Go with Groups
One well-planted container looks great on its own, but a grouping can be stunning. Here, a colorful mix of pansies, violas, lobelia, stock, and kale creates lots of interest. Use them by a doorway, next to a path, or to add cheer to bare spots in your spring garden.
Hint: Use three different sizes of the same kind of container to give the arrangement a more put-together look.
Use yellow to wake up your landscape once winter passes. Here, a golden container holds yellow primroses and ‘Lemon Symphony’ osteospermum. All that yellow contrasts beautifully with purple from ‘Berries & Cream Sachet’ nemesia, ‘Caitlin’s Giant’ ajuga, and columbine.
Hint: Echo the color of your house in your container garden, or use it to complement blooms from your yard for extra appeal.
While it’s easy to focus on ornamental favorites, edibles work just as well. A mix of spring greens will provide salads while looking great in the landscape. Accent both the container and your salads with the cheerful and tasty viola blooms. Here, chives tossed in the middle of the pot create a fun textural contrast.
Hint: Try the full range of spring greens, including spinach, kale, and red, green, and bicolored lettuce.
A gorgeous spring container garden doesn’t have to be complicated. Here, a variety of pansies and violas add charm and color to a strawberry jar. Use a mix of colors for a flamboyant look, or limit your pansies to one color for a more elegant, soothing presentation.
Hint: Once summer heat arrives and the pansies start to fade, replace them with herbs or small annuals that don’t mind the warm weather.
Create Drama with Color
Bright colors are especially refreshing after a long, dull winter. Here, bold pink containers feature favorites such as silvery licorice plant (Helichrysum ‘Icicles’), pink ‘Little Charmer’ diascia, and ‘Intensia Neon Pink’ annual phlox, and the golden foliage of foamy bells (x Heucherella ‘Stoplight’).
Hint: When using bold containers, make sure your plants are dramatic enough to hold their own so they don’t get overshadowed by the pots.
The best container gardens don’t just look good — they smell great, too. Incorporate a few fragrant plants into your containers and be sure to site them where you can enjoy them. For example, here dianthus hangs from a picket fence, bringing it that much closer to nose level.
Hint: Keep in mind that not all fragrances mix well, so try putting the plants together at the nursery before bringing them home.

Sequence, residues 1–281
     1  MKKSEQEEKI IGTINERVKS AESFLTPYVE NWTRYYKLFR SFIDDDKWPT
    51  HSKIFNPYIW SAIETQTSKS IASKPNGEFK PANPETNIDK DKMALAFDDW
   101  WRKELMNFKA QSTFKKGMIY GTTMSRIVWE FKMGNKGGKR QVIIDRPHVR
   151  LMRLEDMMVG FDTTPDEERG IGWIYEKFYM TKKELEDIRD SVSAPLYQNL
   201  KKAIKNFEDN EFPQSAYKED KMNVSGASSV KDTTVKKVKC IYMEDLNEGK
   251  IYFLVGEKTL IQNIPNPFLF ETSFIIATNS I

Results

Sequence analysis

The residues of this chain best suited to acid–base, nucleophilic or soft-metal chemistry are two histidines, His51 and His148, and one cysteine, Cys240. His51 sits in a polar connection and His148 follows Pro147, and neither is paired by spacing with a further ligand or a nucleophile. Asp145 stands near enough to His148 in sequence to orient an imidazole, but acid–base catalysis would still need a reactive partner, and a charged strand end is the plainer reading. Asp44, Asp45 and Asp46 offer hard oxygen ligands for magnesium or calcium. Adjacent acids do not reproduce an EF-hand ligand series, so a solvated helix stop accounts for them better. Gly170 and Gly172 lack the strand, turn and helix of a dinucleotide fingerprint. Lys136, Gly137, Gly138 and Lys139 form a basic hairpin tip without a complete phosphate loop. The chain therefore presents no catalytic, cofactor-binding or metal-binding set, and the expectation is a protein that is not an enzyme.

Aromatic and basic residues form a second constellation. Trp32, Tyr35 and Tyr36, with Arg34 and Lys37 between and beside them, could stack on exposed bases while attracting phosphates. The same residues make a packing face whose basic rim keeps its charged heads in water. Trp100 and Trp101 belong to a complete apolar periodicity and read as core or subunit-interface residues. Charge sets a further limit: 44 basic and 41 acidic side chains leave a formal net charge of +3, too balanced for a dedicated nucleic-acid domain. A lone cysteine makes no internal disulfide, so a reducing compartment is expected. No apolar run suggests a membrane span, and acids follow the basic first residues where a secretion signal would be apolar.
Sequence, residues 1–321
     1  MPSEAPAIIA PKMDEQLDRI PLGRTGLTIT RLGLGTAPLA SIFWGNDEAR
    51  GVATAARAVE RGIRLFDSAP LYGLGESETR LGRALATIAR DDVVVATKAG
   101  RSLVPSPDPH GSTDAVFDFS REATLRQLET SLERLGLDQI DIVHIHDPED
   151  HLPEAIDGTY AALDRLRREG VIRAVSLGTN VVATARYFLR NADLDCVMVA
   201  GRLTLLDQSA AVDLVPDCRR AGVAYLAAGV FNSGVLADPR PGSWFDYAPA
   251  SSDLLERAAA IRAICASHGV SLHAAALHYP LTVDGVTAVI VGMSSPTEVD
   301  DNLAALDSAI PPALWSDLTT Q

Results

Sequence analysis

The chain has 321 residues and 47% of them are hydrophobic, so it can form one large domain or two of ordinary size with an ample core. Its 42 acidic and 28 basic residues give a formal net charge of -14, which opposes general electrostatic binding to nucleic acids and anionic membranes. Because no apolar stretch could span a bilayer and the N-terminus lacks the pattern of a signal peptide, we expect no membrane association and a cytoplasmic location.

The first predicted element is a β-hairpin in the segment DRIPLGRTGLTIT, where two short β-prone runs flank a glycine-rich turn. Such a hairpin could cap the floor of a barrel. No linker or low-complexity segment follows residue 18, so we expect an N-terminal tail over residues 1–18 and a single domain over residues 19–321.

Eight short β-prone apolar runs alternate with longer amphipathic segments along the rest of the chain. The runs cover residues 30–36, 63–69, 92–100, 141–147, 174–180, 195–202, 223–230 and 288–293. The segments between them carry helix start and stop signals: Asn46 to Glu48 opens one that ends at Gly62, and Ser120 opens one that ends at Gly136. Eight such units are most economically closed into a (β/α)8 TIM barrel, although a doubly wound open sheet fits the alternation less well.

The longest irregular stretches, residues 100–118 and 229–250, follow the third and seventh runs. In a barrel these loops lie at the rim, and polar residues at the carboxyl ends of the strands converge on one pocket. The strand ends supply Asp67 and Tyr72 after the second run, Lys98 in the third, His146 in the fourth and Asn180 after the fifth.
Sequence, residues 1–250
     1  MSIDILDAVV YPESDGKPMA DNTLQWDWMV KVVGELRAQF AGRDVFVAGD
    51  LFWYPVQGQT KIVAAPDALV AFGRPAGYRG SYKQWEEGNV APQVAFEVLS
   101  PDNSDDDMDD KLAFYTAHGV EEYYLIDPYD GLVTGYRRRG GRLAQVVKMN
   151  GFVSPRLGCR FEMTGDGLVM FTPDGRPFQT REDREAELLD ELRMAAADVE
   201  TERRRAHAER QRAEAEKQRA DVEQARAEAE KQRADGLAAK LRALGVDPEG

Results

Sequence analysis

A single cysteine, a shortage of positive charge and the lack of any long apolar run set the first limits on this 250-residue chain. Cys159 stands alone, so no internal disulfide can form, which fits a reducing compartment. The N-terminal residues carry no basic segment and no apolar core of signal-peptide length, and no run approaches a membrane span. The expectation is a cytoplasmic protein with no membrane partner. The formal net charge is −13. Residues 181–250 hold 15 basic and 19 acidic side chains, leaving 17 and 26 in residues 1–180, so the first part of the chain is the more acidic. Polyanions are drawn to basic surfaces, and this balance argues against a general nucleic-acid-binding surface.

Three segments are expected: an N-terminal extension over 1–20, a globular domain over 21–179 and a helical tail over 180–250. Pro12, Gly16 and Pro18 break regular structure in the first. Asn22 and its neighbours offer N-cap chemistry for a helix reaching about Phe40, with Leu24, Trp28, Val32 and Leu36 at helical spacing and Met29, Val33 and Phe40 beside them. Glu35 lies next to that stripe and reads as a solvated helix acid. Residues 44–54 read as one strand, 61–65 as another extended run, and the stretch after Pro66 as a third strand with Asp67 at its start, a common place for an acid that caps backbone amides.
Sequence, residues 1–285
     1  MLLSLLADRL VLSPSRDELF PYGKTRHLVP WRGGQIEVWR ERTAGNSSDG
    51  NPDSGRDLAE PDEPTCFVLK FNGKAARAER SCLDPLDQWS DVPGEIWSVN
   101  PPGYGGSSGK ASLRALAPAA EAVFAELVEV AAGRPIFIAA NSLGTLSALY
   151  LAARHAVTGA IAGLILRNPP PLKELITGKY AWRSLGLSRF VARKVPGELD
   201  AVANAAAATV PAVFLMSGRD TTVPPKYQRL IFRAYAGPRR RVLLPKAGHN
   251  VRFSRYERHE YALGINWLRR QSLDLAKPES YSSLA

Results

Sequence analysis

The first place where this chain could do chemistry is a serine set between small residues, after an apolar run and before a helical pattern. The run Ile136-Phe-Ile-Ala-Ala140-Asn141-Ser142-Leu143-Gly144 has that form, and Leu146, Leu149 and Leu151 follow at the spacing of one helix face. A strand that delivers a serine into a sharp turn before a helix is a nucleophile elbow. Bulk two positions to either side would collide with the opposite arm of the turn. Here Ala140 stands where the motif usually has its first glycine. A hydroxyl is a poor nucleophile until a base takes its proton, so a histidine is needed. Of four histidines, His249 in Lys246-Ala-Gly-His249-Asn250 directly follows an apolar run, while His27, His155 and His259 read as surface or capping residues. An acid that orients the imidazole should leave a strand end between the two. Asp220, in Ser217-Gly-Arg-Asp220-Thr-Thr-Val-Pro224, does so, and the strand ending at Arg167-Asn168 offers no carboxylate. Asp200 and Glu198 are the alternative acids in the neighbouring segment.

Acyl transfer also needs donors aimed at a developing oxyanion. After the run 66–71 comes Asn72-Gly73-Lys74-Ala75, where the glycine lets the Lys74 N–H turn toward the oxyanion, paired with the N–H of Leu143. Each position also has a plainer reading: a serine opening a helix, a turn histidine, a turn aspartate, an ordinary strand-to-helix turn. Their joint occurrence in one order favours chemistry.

Show Off Shrubs
We use them as architectural plants in the landscape, but shrubs can also lend flair to containers. Here, the ruby-red stems of redtwig dogwood (Cornus sericea) offer great contrast to the fresh-green leaves. The arrangement is made even more interesting with a couple of colorful sedums (purple ‘Voodoo’ and golden ‘Angelina’) and white candytuft.
Hint: Young specimens of most shrubs should fit well in containers. But also consider dwarf shrubs such as ‘My Monet’ weigela , bearberry (Arctostaphylos uva-ursi), or ‘Tom Thumb’ cotoneaster.
Keep It Simple
This easy container features a rugged dwarf hemlock (Tsuga canadensis) and a pair of lavender violas for a simple, soothing look. A mulch of coarse stones accented by a single larger rock helps create a natural scene in miniature. It’s perfect for a partially shaded spot.
Hint: To keep this container looking good all seasons, pop out the violas when they start to fade and replace them with shade-loving impatiens, browallia, or wishbone flower.
Make Heavenly Hanging Baskets
One great thing about spring is that moss-lined baskets and other containers don’t dry out as fast — so you don’t have to water them as much. Here, a basket is filled with favorites including purple coralbells and yellow osteospermum and snapdragon. A mix of sweet alyssum and creeping Jenny cascades down the sides. As they get going, they’ll eventually cover up the moss.
Hint: Other trailing plants for spring include lobelia, diascia, and bacopa (Sutera).
Don’t be afraid to incorporate perennials into your spring containers. Then plant the perennials in your garden once the annuals start to fade. Here, for example, bacopa, purple pansy, white nemesia, and yellow strawflower mix well with ‘Fire and Ice’ hosta.
Hint: Growing hostas and other perennials in tall containers can help protect them from hungry rabbits early in the season.